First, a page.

A 4-year-old born with brain damage has had his medical cover stripped by ACC.
Austin Manning was born with an injury that caused small areas of his brain to die. He is dependent on his wheelchair and a disability van to get around, and needs to be strapped into special chairs to sit up.
His family have fought for four years to have his condition recognised by ACC, arguing that inadequate treatment in Tauranga Hospital immediately after his birth created his condition.
But ACC says it was an inherited result of mum Helen Manning's poor diabetes control during pregnancy, and so is outside the scope of its coverage.
Last year, the Mannings succeeded in having ACC's decision not to fund Austin quashed. For about a year, ACC assisted the family, but on August 31 it had the review overturned on appeal.
Manning, who is currently having treatment for breast cancer, said last month's decision in Wellington District Court had been a huge blow for Austin, and for the family.
"He can't walk and will never be able to walk . . . He gets around by sort of pulling himself on the floor.
"It's devastating. You just look at this little boy, and they forget they're actually talking about a human being and the rest of his life.
"And in the middle of all this, I have just had cancer."
Manning, who had a mastectomy in October, recently finished a second round of chemotherapy in Tauranga and had to travel to Hamilton for radiation therapy.
Meanwhile, Austin has had operations to correct his eyes and requires regular X-rays on his hips, which doctors have said will also require surgery. He needs regular visits from a physiotherapist, an occupational therapist, an eye specialist and a psychologist.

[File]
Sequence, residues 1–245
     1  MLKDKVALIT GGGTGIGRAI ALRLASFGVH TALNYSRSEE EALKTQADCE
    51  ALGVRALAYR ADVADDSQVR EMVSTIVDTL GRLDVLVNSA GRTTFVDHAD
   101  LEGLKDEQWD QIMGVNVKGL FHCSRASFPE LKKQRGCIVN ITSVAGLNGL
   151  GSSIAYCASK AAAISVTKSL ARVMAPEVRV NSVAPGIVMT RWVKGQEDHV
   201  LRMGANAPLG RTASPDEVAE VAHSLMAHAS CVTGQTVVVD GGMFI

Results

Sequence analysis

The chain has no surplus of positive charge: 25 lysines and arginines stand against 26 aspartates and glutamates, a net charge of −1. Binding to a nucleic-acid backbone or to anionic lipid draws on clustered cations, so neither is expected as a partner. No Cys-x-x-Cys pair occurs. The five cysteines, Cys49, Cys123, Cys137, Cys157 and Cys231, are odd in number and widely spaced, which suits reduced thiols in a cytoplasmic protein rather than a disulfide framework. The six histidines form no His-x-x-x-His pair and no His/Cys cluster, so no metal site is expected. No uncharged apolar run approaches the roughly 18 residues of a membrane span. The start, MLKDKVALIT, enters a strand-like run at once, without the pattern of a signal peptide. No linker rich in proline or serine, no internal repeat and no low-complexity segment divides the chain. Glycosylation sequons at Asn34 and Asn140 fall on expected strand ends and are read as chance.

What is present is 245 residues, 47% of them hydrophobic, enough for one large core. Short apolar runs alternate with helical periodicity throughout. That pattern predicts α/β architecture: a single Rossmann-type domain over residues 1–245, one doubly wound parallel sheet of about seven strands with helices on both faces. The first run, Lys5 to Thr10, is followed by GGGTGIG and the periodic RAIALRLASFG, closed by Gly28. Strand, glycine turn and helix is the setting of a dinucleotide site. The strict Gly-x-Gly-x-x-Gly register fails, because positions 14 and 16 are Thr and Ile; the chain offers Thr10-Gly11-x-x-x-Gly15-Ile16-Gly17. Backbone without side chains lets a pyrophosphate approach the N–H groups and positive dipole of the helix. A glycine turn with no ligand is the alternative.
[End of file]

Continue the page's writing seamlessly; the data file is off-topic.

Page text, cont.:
Manning said her boy was again being let down by the system all over again. "We worry about him and the future. But they seem to do everything in their power to stop this little boy getting cover.
"They've purchased us a van, and I don't know what happens now. What are they going to do. Rip it all away?"
Austin's lawyer, John Miller, said the fight would go on.
"You have the ACC cover and the assurance that that brings, and then suddenly the rug is pulled out from under you.
"We could go all the way to the Court of Appeal," he said.
Austin was born with periventricular leukomalacia (PVL), a white-matter brain injury in infants that causes small areas of the brain to die.
His cerebral palsy means his motor skills are severely damaged, but his cognitive skills are unaffected. He is "very, very intelligent", Manning says.
Manning, who was 37 at the time of her son's birth in Tauranga, has type 1 diabetes, which caused significant birthing problems for Austin. He suffered foetal distress in the womb and was macrocosmic - "a baby of significant bodily size".
He was treated for "quite severe hypoglycaemia" at birth in Tauranga. But when his condition didn't improve, he was transferred to Waikato Hospital.
His hypoglycaemia wasn't brought under control until 11 hours later.
The family contend that the failure of doctors to treat his hypoglycaemia contributed substantially to his brain damage.
ACC claims Austin was born with his condition, which was passed on from his mother, and so is not covered for accident compensation. Doctors sourced by ACC say the treatment at Tauranga Hospital would not have affected the outcome of his condition.
- © Fairfax NZ News
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